František Omelka (1904-1960)

by Bernhard Struck

The year is 1933. In Germany, the Nazis and Hitler rose to power and it did not take long until the new regime started persecuting Esperantists. This is well documented by Ulrich Lins in his “Dangerous Language. Esperanto under Hitler and Stalin”. Lidia Zamenhof (1904-1942), the youngest daughter of the Zamenhofs, was only one of the many victims – murdered in Treblinka.

Elsewhere, people kept working for the language, its community, and its culture. For instance in Hluk, a rather provincial community in Moravia south west of Brno. The photo below, located at the Esperanto Museum in Svitavy, was most likely taken a bit later but not long after 1933 – most likely around 1935 or 1936. The photo is one of the many snippets that allow a glimpse into the world of Esperanto in the early decades of the twentieth century. Reconstructing life with and around Esperanto, reconstructing local activities in Esperantujo remains a challenge as we know so little about local actors. At times we have newspaper clips from general newspapers, Esperanto journals, bits and pieces of correspondence – or a photo.

Image: František Omelka in Hluk, c. 1936

Let’s start with the photo as this is what we have as a clue and entry point. I have hinted at this here in the context of a broader reflection on the distribution of Esperanto in the Czech lands. The image from around 1935 shows 26 pupils in their early teenage years – 15 girls, eleven boys. And their teacher: František Omelka. The young teenagers are dressed (most of them) in local Moravian costumes. Some are not as the two boys on the left in the front row and to the right. We can guess that a photo at the time was a special occasion. So the boys and girls most certainly dressed up (or were told to do so) for the occasion. As to why some wore traditional dresses and some not, we may not know. Taken in this rather rural location that Hluk was, perhaps some parents sought to show their middle-class rather than rural-agrarian credentials – but this is only a guess. Conspicuous is the Esperanto flag behind the group. Is this how the local and the global or the wider world met in 1935? Via Esperanto – in Hluk? The answer is yes.

Hluk may be an unlikely place to find Esperanto in the 1930s. But Bohemia and Moravia were indeed hotspots of the wider Epsperanto movement from the very early years of the 1900s onward. Clubs were founded in many places east and west of Prague from Pardubice to Kutna Hora. Browsing through the Esperanto journals of the time, like the Esperanto Triumfonta, we find that Omelka founded a local club in Hluk in 1933. Born in 1904, he was not part of the pioneer generation of Zamenhof and others. He was born the year before the first International Congress in Boulogne-sur-Mer in 1905 when the Esperanto movement took off in the decade up to 1914. The First World War disrupted the Esperanto movement but it did not kill it off. Given the prominence of the Czech lands in the period prior to 1914, the region played a key role in its postwar revival. The International Congress held in Prague in 1921 drew a record number of well above 2,000 participants to the newly found Czechoslovakia. New journals like the Esperanto Triumfonta, launched in 1920 by Theo Jung in Cologne, supported this revival.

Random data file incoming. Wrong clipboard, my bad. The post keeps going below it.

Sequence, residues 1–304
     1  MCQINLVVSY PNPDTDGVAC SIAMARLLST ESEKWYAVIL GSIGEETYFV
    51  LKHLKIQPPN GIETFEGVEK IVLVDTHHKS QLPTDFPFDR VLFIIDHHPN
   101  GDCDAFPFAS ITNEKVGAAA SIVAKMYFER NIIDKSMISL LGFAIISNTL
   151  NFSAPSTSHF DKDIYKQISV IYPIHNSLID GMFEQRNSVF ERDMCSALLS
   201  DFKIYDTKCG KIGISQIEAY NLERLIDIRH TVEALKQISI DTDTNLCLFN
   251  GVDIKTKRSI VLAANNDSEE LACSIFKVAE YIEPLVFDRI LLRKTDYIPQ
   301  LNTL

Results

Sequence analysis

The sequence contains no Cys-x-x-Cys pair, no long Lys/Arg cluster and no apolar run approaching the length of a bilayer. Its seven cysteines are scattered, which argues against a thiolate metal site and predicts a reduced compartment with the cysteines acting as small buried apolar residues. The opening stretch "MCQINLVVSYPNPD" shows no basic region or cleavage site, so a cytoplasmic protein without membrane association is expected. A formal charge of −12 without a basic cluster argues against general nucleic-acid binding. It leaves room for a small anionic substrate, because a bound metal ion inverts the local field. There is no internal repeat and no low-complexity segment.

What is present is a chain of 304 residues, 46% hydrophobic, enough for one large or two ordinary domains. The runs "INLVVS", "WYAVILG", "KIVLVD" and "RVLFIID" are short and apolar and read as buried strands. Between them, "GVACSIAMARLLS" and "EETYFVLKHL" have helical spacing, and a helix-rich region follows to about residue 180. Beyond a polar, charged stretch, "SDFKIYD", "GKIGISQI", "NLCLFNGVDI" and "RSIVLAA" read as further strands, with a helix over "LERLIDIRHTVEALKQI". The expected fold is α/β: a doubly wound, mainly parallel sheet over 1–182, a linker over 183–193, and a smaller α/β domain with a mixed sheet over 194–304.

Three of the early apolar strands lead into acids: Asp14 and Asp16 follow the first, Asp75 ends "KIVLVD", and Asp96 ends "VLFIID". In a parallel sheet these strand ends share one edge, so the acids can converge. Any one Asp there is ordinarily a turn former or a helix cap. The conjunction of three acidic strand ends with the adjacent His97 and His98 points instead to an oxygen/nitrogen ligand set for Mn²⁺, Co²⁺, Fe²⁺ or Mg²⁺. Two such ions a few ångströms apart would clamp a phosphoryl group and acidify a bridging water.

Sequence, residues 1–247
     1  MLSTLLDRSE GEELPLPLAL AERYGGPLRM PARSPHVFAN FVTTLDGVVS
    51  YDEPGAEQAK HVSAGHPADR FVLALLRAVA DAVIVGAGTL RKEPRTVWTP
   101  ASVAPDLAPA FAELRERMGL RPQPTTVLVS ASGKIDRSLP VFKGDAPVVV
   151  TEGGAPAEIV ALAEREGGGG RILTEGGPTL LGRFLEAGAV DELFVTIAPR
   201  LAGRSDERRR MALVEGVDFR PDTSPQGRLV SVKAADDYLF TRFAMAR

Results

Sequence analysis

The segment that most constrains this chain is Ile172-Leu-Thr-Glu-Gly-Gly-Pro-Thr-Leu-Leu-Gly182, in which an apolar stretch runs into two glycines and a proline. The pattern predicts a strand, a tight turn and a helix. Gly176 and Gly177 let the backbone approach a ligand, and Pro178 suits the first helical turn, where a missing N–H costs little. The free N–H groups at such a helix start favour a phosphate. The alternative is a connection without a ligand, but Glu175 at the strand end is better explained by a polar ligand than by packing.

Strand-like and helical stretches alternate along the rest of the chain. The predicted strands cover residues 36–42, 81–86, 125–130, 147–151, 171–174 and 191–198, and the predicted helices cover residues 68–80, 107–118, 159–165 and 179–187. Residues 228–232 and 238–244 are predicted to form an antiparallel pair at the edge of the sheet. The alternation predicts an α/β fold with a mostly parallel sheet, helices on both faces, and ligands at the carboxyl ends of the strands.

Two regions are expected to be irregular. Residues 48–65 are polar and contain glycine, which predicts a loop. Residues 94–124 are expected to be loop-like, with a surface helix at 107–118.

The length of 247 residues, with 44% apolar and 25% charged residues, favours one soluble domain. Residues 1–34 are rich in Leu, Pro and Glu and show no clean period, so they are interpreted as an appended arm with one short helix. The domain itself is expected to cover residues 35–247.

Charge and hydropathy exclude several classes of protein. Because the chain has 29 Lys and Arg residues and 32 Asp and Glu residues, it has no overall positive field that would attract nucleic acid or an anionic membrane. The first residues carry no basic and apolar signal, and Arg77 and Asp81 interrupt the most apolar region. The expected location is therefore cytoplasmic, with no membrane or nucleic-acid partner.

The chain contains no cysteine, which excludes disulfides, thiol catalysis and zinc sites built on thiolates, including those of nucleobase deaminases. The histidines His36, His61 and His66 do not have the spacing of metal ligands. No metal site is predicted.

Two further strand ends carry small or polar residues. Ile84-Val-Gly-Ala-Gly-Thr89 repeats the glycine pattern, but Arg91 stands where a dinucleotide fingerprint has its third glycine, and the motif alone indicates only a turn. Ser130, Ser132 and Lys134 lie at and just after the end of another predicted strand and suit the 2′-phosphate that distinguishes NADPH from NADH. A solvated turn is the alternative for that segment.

So Omelka was a “second generation” Esperantist. When exactly he came to Esperanto and how, I have not established yet. He was a teenager when the war ended. Had his father fought in the war? Did the war draw him to Esperanto and the overlaps with the peace movement? We may not know for sure. The answer may also be rather simple as Esperanto was ubiquitous in the region. Whatever drew him to Esperanto, as a teacher he fits a wider and more long-term professional pattern in the region. Many Esperantists in Bohemia and Moravia like Theodor Čejka (1878-1957) and Julie Šupichová (1884-1970) were fellow teachers. As provincial as the photo may appear, we have to think of František Omelka as a highly effective “multiplier” of the language and the movement. Teaching Esperanto, as he did to these children, was one thing. Making use of the language in a provincial town like Hluk was yet another thing. Would any of his young pupils actually use the language? Would any of them venture out into the world as a scientist or engineer or conduct business in Esperanto elsewhere? Most likely not or at least not many of these children. Again, the image can only be a clue or thinking tool but we have to image that – most likely – most of these children may not have ventured too far beyond Hluk or Moravia. We may not know although there were some surprising journeys.